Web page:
Although the Lory Student Center Plaza is currently in disarray, come October, students will be greeted with a more “pedestrian-friendly” Plaza.
With completion of the first phase of construction expected by Halloween, the Plaza will transform from a 40-year-old walkway with cracked concrete to a safer, friendlier center of campus, said Fred Haberecht, a landscape architect for the university.
Signs attached to the chain-link fence surrounding the construction boast of a site that will feature more lights for safer nighttime pedestrian traffic, wider walking paths and more grass for students to relax between classes.
Even though phase one has a scheduled completion date, there is no estimate of when future phases – which include a water feature and a Student Square where University Avenue enters the Plaza – will be done.
“Future phases are funding-dependent,” Haberecht said Monday afternoon on the Plaza while checking on progress of the construction. “Hopefully, it keeps rolling.”
Haberecht stressed funding for projects like the Plaza construction does not come from student fees, tuition or Referendum C money.
While students only have to deal with Plaza construction temporarily, that is enough to put a crimp in some students’ daily schedules.
Sara Gabbert, a freshman open-option major, had mapped out walking paths to her classes in the Eddy building and the Engineering building, a path that ultimately took her through the Plaza.
“The construction makes it a pain to find my classes,” said Gabbert, who spent time Sunday making a new walking path to her classes. “It makes it a lot more confusing.”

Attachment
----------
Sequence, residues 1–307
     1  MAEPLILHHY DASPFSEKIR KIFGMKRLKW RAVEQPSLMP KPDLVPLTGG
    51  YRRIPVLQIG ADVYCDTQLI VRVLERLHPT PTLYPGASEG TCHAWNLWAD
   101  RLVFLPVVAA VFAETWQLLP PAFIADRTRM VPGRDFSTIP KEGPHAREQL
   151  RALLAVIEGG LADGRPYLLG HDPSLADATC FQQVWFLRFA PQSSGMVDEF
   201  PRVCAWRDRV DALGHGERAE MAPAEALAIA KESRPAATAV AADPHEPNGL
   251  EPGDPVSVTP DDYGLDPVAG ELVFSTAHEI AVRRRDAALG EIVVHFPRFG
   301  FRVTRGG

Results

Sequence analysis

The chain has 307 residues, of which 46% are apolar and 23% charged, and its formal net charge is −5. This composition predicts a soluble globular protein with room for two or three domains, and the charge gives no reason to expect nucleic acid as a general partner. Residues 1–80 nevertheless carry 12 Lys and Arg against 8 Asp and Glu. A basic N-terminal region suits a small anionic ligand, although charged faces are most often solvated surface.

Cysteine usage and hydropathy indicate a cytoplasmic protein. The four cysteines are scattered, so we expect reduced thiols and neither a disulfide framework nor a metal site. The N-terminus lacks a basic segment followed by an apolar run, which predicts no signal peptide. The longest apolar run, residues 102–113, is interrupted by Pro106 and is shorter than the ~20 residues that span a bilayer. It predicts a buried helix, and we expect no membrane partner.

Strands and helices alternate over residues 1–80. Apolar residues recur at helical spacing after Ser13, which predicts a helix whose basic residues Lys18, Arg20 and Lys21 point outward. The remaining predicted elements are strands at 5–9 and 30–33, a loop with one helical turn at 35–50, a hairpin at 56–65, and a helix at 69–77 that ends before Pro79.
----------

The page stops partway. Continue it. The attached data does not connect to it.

But some people feel the project, estimated to cost about $450,000 when complete, is worth the current inconveniences.
“The construction last year (of the new transit center) was a pain,” said David Groth, a senior economics major. “But now that I see what’s happening, it’s cool. It’s a little bit of a hassle but it’s worth it.”
In addition to the Plaza revamp, the Morgan Library is receiving its own overhaul.
Two weekends ago, the 40-year-old tar and gravel roof was ripped off and replaced with a new rubber roof, which will make it easier to detect leaks, said Jon Feiman, project manager for the roof replacement. The new roof will also feature a white acrylic coating that will reflect heat in an effort to save energy.
The big sheets of rubber have been installed, leaving only some detail work to be done. Students can expect to hear some drilling noise and see portions of sidewalks cornered off with “Caution” tape while workers trim the extra rubber and finish detailing.
“The contractor didn’t realize how big of a job it was,” Feiman said of the $810,000 job.
Development Editor Cari Merrill can be reached at firstname.lastname@example.org.